U.S. DEPARTMENT OF LABOR OFFICE OF THE ASSISTANT SECRETARY FOR EMPLOYMENT STANDARDS WASHINGTON, D.C.

20210 JAN 29 1980 ALL AGENCY MEMORANDUM NO. 132 TO: ALL GOVERNMENT CONTRACTING AGENCIES AND THE DISTRICT OF COLUMBIA FROM: DONALD EDISBURG Assistant Secretary SUBJECT: Format Change for Some Wage Determination Decisions In the near future, the Department of Labor will begin using a new format for schedules of crafts and rates in some of its prevailing wage decisions issued pursuant to the Davis-Bacon And related acts. In the new format, fringe benefits will not be separately identified. Rather, they will be stated as a composite figure Which is the total hourly equivalent value-of fringe benefits found to be prevailing. Fringe benefits Which cannot be stated in monetary terms will be shown in footnotes similar to those used in the current format. An example of the new schedule format is attached. It will be used as existing wage schedules are revised and updated. We are adopting the new format as a result of a ruling by the Wage Appeals Board that the DavisBacon Act does not require the payment of the a specific fringe benefits listed as prevailing on a particular wage determination. The Board essentially held that any bona fide fringe benefit, such as one listed in the Act, or cash payments in lieu of any or all of the fringe benefits listed on the Department's prevailing wage determinations could be used to meet a contractor's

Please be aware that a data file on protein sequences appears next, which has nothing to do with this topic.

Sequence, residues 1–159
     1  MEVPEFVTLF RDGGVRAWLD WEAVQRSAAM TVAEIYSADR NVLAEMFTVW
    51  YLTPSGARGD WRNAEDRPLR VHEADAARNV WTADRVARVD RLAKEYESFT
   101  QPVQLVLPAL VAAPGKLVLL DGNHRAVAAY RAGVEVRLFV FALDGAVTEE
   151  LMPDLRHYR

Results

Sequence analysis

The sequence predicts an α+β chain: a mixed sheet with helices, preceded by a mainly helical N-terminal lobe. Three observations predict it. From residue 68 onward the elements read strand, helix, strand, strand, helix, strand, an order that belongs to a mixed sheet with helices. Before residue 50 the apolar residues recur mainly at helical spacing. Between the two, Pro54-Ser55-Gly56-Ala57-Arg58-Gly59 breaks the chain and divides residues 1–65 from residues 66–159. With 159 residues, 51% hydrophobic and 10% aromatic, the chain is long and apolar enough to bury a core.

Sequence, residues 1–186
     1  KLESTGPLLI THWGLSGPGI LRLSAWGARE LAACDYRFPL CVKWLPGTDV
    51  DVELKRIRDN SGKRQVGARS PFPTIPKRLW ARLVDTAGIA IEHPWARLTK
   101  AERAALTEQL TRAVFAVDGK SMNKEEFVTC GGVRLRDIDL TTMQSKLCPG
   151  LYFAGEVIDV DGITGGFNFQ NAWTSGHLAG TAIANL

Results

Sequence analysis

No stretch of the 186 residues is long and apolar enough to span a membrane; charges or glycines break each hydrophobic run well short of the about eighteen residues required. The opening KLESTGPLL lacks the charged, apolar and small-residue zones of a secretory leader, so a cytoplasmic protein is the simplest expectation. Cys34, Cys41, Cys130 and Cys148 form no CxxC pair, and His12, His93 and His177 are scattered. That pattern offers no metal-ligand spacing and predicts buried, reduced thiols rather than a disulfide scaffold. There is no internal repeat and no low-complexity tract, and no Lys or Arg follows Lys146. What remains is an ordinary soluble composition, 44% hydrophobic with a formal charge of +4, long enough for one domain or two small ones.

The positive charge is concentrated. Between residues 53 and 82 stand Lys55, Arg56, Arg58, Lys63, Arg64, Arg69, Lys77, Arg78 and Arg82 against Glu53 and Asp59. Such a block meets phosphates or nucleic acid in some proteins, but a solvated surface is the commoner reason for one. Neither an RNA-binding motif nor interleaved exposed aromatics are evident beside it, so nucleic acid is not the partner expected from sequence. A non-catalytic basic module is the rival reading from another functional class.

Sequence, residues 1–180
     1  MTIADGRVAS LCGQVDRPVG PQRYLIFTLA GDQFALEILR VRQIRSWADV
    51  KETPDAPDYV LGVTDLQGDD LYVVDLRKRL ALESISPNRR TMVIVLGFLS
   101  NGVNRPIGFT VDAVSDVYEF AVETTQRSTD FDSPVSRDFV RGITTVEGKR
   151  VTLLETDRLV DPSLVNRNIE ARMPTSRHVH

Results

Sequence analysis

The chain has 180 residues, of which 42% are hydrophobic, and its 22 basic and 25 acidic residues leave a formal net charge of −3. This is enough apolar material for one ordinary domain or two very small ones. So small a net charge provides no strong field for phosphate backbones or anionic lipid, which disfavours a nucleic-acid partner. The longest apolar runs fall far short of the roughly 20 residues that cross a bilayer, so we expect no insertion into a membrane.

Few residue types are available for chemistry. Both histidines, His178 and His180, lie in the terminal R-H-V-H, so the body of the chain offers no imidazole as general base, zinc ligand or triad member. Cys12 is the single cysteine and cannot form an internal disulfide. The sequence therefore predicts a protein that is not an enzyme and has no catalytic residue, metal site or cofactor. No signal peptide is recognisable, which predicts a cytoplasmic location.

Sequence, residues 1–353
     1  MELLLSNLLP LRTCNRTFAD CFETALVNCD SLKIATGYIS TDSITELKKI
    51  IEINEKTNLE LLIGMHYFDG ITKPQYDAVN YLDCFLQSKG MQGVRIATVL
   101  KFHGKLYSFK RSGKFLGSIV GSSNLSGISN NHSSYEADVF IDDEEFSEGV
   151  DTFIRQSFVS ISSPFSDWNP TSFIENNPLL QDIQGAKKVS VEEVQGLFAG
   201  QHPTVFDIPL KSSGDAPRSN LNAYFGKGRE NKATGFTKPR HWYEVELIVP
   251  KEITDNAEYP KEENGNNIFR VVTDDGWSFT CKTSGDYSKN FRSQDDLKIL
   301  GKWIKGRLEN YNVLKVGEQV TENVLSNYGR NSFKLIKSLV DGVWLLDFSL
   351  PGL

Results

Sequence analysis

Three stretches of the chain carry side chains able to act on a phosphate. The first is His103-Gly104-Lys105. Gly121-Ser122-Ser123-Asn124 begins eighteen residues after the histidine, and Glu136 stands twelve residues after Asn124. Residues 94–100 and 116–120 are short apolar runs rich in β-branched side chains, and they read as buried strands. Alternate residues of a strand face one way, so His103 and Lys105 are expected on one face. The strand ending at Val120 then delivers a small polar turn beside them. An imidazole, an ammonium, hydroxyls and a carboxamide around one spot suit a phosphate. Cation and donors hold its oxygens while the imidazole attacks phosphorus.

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fringe benefit obligations. Accordingly, we will no longer make the separate identification of fringe benefits when the new format is put into place. We also would like to take this opportunity to call to your attention the fact that we have had many complaints from individual contractors and associations representing them that wage decisions made part of the Invitations for Bids and the contractual documents are not legible and can result in inadvertent wage violations because of a confusion as to the exact amount required to be paid. To correct this problem, we are urging all contracting agencies to insure that the wage decisions appearing in the Federal Register which are disseminated to bidders are legible. In addition, if the wage decision is a published general decision applicable to a wide geographic area or multiple types of construction, the contracting agency should consider extracting, for the bid and contract documents, only those portions of the wage decision that will apply to the project. Contractors should be advised on the application of the various schedules and rates by the contracting agency. Attachment

GRAPHIC � �DAVIS - BACON INFOERATION SYSTEM WAGE SCHEDULE NUMBER WAGE SCHEDULE REPORT FEB 24, 1980�